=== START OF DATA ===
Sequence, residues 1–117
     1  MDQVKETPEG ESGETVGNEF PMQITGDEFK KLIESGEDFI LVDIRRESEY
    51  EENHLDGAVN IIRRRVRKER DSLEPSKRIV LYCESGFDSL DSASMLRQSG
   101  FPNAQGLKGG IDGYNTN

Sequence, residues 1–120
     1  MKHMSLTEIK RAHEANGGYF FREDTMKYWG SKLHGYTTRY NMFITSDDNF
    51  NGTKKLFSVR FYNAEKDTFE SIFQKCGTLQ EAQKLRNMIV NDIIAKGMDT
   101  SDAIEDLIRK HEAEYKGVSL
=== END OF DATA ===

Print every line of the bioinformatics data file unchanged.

Sequence, residues 1–117
     1  MDQVKETPEG ESGETVGNEF PMQITGDEFK KLIESGEDFI LVDIRRESEY
    51  EENHLDGAVN IIRRRVRKER DSLEPSKRIV LYCESGFDSL DSASMLRQSG
   101  FPNAQGLKGG IDGYNTN

Sequence, residues 1–120
     1  MKHMSLTEIK RAHEANGGYF FREDTMKYWG SKLHGYTTRY NMFITSDDNF
    51  NGTKKLFSVR FYNAEKDTFE SIFQKCGTLQ EAQKLRNMIV NDIIAKGMDT
   101  SDAIEDLIRK HEAEYKGVSL